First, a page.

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When a book is written detailing the exhaustive negotiations between Greece and its international creditors, it could easily rack up a higher page count than War and Peace. But could a crucial chapter on the country's desperately needed third bailout be finished quicker than expected?
Over the years, crucial deadlines have been approached, extended or just plain old missed, with both sides blaming the other for intransigence or economic malfeasance. Yet it looks as though this week may see a breakthrough earlier than thought, if reports that a new 86 billion euros ($94 billion) bailout deal are close to resolution are true.
The new deal would include further government spending cuts, privatizations and reforms to the country's creaking bureaucracy. Yet the cash "is certainly not coming to Greece at zero cost", as Peter Chatwell, senior rates strategist at Mizuho International, wrote in a research note, and "the long term success of another MoU (memorandum of understanding) is doubtful".
If a new deal is agreed by negotiators and passed by the Greek government later this week, then euro zone finance ministers could sign off on it by Friday – leaving plenty of time before the country's next big debt repayment, to the European Central Bank on August 20th.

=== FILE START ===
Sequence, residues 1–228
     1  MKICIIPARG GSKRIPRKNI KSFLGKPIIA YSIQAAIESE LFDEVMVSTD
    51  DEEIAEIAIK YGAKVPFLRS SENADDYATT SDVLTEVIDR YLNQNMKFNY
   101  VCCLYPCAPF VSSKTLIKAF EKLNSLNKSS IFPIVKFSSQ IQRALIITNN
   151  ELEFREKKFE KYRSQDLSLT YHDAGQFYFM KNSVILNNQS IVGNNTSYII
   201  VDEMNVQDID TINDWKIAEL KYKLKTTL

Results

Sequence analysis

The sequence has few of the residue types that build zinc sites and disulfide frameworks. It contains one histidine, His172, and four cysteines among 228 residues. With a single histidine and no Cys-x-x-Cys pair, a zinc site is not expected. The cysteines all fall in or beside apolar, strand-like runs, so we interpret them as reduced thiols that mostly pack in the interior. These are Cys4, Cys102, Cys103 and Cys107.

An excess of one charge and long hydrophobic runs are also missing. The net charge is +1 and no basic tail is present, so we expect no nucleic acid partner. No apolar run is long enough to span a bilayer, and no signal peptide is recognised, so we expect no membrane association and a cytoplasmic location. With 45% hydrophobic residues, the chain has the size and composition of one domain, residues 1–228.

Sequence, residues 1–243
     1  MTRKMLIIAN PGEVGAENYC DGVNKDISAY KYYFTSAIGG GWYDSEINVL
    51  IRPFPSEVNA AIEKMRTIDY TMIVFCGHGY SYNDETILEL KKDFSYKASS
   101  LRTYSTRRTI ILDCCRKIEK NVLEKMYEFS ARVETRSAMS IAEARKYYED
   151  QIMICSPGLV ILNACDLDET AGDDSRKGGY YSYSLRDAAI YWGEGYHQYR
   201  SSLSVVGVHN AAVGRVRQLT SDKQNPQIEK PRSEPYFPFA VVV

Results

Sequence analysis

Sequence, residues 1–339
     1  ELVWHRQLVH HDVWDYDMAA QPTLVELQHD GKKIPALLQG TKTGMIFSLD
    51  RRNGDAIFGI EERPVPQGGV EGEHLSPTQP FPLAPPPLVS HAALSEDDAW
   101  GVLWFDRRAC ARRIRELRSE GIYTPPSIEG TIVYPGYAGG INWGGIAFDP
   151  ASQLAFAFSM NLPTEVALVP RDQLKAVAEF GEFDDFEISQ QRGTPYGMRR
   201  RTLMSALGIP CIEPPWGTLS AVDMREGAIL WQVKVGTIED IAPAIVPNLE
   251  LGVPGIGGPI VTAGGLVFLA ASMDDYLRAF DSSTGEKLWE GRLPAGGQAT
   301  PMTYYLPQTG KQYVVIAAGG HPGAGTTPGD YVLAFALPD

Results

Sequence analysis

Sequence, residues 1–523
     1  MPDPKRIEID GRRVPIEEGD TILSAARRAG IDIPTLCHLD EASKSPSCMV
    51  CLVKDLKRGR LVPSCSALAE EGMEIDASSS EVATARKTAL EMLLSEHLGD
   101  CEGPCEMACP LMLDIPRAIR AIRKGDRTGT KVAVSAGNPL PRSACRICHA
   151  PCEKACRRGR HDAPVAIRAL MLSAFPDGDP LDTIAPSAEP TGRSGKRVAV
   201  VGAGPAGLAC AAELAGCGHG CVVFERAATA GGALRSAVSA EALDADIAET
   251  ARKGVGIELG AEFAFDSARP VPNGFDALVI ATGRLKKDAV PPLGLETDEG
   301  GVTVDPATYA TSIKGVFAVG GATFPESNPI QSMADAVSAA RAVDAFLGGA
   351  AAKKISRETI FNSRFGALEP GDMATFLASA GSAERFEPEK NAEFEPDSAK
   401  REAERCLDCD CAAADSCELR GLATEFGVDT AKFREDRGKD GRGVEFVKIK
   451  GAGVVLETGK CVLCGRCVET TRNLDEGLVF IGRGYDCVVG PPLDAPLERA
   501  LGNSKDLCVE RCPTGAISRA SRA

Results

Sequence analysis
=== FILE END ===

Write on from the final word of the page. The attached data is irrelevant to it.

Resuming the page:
New personnel on both sides, including a new Greek finance minister and a new International Monetary Fund (IMF) mission chief, may be part of the reason talks are progressing swiftly.
There is no question Greece could do with the help, after long-term mismanagement of the country's finances followed by a debt crisis and years of austerity imposed by creditors. Just weeks ago, it looked like the country would become the first to exit the euro zone, in what could have potentially spelt near-term economic disaster.
The country's economy, as measured in gross domestic product (GDP) is expected to have shrunk by 0.7% between the first and second quarter, when euro zone GDP figures are announced later this week. This doesn't include data for July, when the country underwent a weeks-bank holiday and seemed on the brink of leaving the euro zone.
Last week, the main Greek stock market lost nearly a fifth of its value, after opening for the first time since the Prime Minister imposed a bank holiday. The closest Greece has come to a positive surprise recently is unemployment being only 25 percent.
There are still plenty who think that the new deal will not be enough, and that some write-off of the country'sdebt is needed.
"A transition to a sustainable debt position will require reductions in Greece's national debt through the form of a permanent fiscal transfer from the rest of the euro area," according to Simon Kirby, head of macroeconomic modelling and forecasting at NIESR.
- By CNBC's Catherine Boyle